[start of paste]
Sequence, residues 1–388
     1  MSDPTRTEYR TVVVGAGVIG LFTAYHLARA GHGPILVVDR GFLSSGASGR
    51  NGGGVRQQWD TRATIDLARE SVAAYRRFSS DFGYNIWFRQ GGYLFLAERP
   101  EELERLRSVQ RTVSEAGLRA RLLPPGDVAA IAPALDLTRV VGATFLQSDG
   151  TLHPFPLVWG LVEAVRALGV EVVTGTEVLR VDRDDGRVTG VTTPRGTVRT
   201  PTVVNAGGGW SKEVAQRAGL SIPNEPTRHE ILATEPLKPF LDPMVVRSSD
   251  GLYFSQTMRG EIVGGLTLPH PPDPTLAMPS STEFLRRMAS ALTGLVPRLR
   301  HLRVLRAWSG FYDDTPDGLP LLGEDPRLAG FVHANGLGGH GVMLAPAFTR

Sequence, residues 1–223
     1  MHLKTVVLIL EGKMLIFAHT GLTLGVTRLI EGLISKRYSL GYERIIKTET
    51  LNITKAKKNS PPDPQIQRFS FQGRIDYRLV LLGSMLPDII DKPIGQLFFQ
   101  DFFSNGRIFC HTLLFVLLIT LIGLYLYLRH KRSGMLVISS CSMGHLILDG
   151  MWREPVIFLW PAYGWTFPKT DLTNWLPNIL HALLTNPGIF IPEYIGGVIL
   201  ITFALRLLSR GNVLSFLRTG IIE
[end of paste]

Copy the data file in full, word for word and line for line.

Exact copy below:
Sequence, residues 1–388
     1  MSDPTRTEYR TVVVGAGVIG LFTAYHLARA GHGPILVVDR GFLSSGASGR
    51  NGGGVRQQWD TRATIDLARE SVAAYRRFSS DFGYNIWFRQ GGYLFLAERP
   101  EELERLRSVQ RTVSEAGLRA RLLPPGDVAA IAPALDLTRV VGATFLQSDG
   151  TLHPFPLVWG LVEAVRALGV EVVTGTEVLR VDRDDGRVTG VTTPRGTVRT
   201  PTVVNAGGGW SKEVAQRAGL SIPNEPTRHE ILATEPLKPF LDPMVVRSSD
   251  GLYFSQTMRG EIVGGLTLPH PPDPTLAMPS STEFLRRMAS ALTGLVPRLR
   301  HLRVLRAWSG FYDDTPDGLP LLGEDPRLAG FVHANGLGGH GVMLAPAFTR

Sequence, residues 1–223
     1  MHLKTVVLIL EGKMLIFAHT GLTLGVTRLI EGLISKRYSL GYERIIKTET
    51  LNITKAKKNS PPDPQIQRFS FQGRIDYRLV LLGSMLPDII DKPIGQLFFQ
   101  DFFSNGRIFC HTLLFVLLIT LIGLYLYLRH KRSGMLVISS CSMGHLILDG
   151  MWREPVIFLW PAYGWTFPKT DLTNWLPNIL HALLTNPGIF IPEYIGGVIL
   201  ITFALRLLSR GNVLSFLRTG IIE